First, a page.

Our Personal Foundation

Amanda-Hill's picture

I believe there are three items that are important in regard to our personal foundation: our emotions, our personality development, and our attachment. These three items each play a vital role in each of us achieving our ultimate level of mental/emotional/physical health as adults. Therefore, it is vital that we understand how our biological and environmental surroundings directly affect our understanding of our own emotions. Certain regions of our brains develop early in life that play a role in distress, excitement, and rage - all of which we display starting at very young ages. Social relationships are also said to help set the stage for the development of a rich variety of emotions. For example, a toddler who grows up in a very laid back family, with limited arguing and a tendency to develop a lighthearted attitude about the struggles of life is likely to grow up as less distressed than another toddler who possibly grew up in a home where there was a lot of quarreling or yelling among others in the home.
Personality development is important because it is what often sets the stage for a child to trust or not trust others, as well as to develop a healthy feeling of being independent. Infants learn to trust when they are cared for in a consistent, warm manner and if the infant is not well fed and kept warm on a consistent basis, a sense of mistrust is likely to develop and be carried on throughout the rest of that individual’s adult life. Independence is also seen as a very important stage of development in the second year of life and sets the stage for an infant’s mental/motor development. It’s during this stage that a parent who consistently overprotects their child by criticizing the toddler’s accidents (wetting, soiling, spilling, breaking, etc) that they can cause the child to develop an excessive sense of shame and doubt about their ability to control themselves and the world around them - which can seriously hamper that toddler in their adult life and future development as well.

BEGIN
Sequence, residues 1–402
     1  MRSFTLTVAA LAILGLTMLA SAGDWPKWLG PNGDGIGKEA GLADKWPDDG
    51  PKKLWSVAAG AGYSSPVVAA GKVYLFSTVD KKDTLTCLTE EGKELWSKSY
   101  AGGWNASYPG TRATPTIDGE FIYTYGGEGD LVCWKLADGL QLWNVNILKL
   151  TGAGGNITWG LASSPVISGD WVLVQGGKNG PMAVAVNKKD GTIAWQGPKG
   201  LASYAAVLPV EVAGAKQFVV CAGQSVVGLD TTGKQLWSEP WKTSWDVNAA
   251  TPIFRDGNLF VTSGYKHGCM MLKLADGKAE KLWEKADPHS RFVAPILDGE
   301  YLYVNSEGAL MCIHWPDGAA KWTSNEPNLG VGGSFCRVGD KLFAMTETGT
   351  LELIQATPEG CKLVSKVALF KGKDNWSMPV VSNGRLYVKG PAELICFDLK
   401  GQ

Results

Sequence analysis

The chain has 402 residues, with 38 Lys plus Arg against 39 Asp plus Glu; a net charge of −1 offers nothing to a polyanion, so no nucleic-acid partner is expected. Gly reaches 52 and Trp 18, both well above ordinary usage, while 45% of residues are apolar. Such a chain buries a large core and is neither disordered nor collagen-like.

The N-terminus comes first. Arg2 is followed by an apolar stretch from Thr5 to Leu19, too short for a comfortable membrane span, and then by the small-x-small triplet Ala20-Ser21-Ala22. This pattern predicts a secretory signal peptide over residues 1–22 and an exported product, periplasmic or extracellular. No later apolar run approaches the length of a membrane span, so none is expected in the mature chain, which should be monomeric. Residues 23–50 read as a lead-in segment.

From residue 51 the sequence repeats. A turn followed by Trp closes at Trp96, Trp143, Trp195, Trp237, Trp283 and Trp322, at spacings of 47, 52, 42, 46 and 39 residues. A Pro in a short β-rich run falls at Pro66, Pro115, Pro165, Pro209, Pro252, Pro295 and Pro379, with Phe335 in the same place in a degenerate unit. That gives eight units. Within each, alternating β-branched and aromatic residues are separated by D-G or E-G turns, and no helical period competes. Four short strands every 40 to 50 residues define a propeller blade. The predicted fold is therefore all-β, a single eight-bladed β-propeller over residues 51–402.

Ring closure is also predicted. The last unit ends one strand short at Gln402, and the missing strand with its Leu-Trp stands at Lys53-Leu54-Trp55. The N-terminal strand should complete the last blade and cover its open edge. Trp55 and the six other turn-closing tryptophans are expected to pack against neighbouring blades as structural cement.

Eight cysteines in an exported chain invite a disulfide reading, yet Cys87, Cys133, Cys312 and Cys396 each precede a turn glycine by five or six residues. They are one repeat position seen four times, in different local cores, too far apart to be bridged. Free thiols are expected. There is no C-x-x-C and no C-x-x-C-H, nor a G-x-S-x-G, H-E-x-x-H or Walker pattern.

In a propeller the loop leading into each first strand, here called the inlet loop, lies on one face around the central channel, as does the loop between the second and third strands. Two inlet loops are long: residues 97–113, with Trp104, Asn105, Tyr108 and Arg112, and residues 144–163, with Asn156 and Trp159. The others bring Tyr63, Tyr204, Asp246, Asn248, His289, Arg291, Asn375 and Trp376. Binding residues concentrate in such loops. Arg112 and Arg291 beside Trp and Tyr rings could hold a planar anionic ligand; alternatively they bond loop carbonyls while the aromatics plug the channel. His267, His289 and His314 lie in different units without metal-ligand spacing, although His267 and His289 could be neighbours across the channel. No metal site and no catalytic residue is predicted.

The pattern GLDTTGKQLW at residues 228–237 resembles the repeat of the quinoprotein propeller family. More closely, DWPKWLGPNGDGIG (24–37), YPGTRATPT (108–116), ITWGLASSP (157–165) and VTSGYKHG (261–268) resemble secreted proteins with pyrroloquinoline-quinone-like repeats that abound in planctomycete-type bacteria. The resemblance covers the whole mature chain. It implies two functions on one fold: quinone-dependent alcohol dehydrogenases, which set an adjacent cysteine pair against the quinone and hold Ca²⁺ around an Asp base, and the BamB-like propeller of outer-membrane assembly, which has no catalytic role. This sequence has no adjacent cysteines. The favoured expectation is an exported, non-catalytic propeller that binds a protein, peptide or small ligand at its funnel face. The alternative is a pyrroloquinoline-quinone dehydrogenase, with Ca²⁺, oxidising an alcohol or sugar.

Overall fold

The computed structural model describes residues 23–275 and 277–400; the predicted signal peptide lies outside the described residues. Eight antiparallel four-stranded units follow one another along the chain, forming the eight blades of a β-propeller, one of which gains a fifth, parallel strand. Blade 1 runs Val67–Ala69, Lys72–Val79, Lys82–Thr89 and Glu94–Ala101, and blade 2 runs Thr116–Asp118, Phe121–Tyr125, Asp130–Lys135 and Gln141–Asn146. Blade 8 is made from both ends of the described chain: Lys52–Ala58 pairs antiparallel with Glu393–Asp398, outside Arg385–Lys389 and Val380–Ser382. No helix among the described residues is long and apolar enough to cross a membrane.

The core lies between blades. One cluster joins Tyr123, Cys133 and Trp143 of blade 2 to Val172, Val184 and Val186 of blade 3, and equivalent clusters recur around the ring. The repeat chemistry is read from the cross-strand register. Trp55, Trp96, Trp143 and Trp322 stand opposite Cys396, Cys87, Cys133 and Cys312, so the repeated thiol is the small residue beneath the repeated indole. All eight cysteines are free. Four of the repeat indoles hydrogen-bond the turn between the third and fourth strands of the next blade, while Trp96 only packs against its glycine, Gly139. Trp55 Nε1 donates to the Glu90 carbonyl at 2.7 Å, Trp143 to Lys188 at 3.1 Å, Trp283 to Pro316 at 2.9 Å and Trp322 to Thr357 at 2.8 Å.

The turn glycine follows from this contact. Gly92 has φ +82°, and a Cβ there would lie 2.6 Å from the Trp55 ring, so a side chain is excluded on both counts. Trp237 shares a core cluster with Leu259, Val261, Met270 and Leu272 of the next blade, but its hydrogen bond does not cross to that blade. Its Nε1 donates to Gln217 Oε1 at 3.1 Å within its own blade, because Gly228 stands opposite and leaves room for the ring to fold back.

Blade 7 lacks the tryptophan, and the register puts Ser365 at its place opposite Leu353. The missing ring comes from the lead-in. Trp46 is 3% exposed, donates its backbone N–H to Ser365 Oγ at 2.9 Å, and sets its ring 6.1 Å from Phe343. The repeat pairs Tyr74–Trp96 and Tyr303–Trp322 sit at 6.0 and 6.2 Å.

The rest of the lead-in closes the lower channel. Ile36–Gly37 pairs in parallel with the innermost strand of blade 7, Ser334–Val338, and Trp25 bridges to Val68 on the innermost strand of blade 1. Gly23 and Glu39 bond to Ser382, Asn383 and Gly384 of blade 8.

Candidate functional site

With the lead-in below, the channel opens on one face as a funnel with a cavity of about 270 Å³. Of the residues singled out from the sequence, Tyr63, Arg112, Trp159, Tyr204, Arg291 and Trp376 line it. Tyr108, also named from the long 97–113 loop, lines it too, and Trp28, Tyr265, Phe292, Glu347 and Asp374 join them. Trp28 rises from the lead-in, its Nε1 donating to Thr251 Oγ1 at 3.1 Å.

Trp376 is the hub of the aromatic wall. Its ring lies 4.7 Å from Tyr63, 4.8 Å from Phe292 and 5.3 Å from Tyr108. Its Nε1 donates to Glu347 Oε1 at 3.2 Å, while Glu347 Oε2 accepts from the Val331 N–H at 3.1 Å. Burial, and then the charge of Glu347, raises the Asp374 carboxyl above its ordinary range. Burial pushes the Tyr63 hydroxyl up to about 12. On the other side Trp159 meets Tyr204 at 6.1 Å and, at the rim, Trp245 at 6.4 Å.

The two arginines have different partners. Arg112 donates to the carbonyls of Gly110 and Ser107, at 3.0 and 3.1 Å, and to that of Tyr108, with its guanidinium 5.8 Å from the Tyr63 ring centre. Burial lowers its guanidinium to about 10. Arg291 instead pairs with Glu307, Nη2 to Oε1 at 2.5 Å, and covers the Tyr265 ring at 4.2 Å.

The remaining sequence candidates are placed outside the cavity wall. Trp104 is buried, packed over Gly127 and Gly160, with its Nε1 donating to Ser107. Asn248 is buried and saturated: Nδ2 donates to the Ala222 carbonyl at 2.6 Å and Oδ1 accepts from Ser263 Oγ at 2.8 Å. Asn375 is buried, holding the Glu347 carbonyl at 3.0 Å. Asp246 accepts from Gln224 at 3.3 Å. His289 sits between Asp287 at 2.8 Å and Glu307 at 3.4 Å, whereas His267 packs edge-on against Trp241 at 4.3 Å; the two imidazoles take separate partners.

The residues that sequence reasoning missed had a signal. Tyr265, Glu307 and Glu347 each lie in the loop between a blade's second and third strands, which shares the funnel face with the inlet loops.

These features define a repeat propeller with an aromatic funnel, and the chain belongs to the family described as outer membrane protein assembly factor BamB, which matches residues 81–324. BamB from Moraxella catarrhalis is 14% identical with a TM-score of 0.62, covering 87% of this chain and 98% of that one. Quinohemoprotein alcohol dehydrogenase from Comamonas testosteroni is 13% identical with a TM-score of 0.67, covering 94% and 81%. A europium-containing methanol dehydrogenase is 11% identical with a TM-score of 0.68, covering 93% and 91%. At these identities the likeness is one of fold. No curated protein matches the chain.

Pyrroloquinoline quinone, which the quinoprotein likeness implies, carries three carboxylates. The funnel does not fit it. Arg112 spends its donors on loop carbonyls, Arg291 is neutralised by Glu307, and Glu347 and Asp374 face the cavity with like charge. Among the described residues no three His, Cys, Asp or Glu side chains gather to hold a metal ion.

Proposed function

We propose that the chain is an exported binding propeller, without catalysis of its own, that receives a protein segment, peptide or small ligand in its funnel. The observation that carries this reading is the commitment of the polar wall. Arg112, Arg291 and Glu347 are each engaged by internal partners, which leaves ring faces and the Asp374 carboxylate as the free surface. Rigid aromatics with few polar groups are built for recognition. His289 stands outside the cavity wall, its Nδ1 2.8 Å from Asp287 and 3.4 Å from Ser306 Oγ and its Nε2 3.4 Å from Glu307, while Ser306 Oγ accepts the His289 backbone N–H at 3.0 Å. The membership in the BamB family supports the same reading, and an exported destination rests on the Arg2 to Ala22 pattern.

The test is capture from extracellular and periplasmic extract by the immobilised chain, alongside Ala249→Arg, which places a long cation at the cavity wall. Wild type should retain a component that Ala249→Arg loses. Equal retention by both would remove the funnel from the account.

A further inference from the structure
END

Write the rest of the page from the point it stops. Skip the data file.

Lastly, I find attachment to be extremely important when it comes to our foundation because an infant’s sense of trust (that they gain from the physical comfort and sensitive care of their primary caregivers) ends up being the foundation for their attachment and also sets the stage for a lifelong expectation that the world. It is because of these facts that as a counselor, I strive to better understand each of my client’s backgrounds by asking them inquiring questions about how they attached to their primary caregivers as children, how they were punished/rewarded, how they learned to express their emotions and to what level they felt that they achieved independence.
When you seek out a counselor for your own issues, try to find someone who will alter their counseling practices to fit YOU. My personal goal while working with clients has always been to make sure they leave my sessions feeling understood, which is why I encourage you to remember the importance of working with the right therapist for YOU and YOUR issues - by finding someone who aims at helping you feel better about your situation as they gain more insight into the significance of your upbringing and how it has affected you today - as an adult.

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